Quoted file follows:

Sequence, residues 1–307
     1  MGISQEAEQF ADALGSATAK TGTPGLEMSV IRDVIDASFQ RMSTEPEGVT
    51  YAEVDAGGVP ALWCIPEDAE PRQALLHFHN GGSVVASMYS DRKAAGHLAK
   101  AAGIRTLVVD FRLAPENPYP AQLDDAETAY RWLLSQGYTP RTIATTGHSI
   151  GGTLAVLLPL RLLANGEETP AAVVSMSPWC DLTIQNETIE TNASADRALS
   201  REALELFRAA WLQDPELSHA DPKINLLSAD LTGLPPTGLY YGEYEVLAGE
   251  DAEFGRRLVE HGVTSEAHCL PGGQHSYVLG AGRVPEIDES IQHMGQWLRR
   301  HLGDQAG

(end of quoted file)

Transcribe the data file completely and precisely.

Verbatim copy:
Sequence, residues 1–307
     1  MGISQEAEQF ADALGSATAK TGTPGLEMSV IRDVIDASFQ RMSTEPEGVT
    51  YAEVDAGGVP ALWCIPEDAE PRQALLHFHN GGSVVASMYS DRKAAGHLAK
   101  AAGIRTLVVD FRLAPENPYP AQLDDAETAY RWLLSQGYTP RTIATTGHSI
   151  GGTLAVLLPL RLLANGEETP AAVVSMSPWC DLTIQNETIE TNASADRALS
   201  REALELFRAA WLQDPELSHA DPKINLLSAD LTGLPPTGLY YGEYEVLAGE
   251  DAEFGRRLVE HGVTSEAHCL PGGQHSYVLG AGRVPEIDES IQHMGQWLRR
   301  HLGDQAG